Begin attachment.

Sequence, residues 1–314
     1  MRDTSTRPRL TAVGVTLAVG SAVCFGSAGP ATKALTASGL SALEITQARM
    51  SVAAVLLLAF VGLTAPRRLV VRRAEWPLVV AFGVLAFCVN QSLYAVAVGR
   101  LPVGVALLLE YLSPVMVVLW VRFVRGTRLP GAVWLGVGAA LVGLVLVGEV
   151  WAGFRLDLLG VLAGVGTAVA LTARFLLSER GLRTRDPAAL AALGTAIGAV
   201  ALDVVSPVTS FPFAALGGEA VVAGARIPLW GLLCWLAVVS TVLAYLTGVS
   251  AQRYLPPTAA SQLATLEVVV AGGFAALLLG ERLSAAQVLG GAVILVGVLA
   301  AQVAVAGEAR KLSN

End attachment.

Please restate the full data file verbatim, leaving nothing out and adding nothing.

Sequence, residues 1–314
     1  MRDTSTRPRL TAVGVTLAVG SAVCFGSAGP ATKALTASGL SALEITQARM
    51  SVAAVLLLAF VGLTAPRRLV VRRAEWPLVV AFGVLAFCVN QSLYAVAVGR
   101  LPVGVALLLE YLSPVMVVLW VRFVRGTRLP GAVWLGVGAA LVGLVLVGEV
   151  WAGFRLDLLG VLAGVGTAVA LTARFLLSER GLRTRDPAAL AALGTAIGAV
   201  ALDVVSPVTS FPFAALGGEA VVAGARIPLW GLLCWLAVVS TVLAYLTGVS
   251  AQRYLPPTAA SQLATLEVVV AGGFAALLLG ERLSAAQVLG GAVILVGVLA
   301  AQVAVAGEAR KLSN